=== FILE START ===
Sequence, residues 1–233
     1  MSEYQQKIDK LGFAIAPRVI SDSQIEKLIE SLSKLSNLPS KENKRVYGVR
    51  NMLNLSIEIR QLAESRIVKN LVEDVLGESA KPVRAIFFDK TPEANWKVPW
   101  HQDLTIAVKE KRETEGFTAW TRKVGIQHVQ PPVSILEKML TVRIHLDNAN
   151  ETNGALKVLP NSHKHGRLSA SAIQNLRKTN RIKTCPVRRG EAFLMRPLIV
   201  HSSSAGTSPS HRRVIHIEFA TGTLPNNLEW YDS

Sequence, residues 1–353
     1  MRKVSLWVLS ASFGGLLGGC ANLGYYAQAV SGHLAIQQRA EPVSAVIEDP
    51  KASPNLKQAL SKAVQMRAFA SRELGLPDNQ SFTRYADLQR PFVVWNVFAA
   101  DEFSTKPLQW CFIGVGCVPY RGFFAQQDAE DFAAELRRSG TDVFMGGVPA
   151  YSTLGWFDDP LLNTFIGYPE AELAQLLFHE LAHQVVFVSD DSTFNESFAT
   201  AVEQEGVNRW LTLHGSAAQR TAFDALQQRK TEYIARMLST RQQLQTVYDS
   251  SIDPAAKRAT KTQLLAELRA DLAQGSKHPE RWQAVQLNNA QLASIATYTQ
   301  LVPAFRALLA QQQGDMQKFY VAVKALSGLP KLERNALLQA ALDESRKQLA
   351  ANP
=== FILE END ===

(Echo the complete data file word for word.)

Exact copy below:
Sequence, residues 1–233
     1  MSEYQQKIDK LGFAIAPRVI SDSQIEKLIE SLSKLSNLPS KENKRVYGVR
    51  NMLNLSIEIR QLAESRIVKN LVEDVLGESA KPVRAIFFDK TPEANWKVPW
   101  HQDLTIAVKE KRETEGFTAW TRKVGIQHVQ PPVSILEKML TVRIHLDNAN
   151  ETNGALKVLP NSHKHGRLSA SAIQNLRKTN RIKTCPVRRG EAFLMRPLIV
   201  HSSSAGTSPS HRRVIHIEFA TGTLPNNLEW YDS

Sequence, residues 1–353
     1  MRKVSLWVLS ASFGGLLGGC ANLGYYAQAV SGHLAIQQRA EPVSAVIEDP
    51  KASPNLKQAL SKAVQMRAFA SRELGLPDNQ SFTRYADLQR PFVVWNVFAA
   101  DEFSTKPLQW CFIGVGCVPY RGFFAQQDAE DFAAELRRSG TDVFMGGVPA
   151  YSTLGWFDDP LLNTFIGYPE AELAQLLFHE LAHQVVFVSD DSTFNESFAT
   201  AVEQEGVNRW LTLHGSAAQR TAFDALQQRK TEYIARMLST RQQLQTVYDS
   251  SIDPAAKRAT KTQLLAELRA DLAQGSKHPE RWQAVQLNNA QLASIATYTQ
   301  LVPAFRALLA QQQGDMQKFY VAVKALSGLP KLERNALLQA ALDESRKQLA
   351  ANP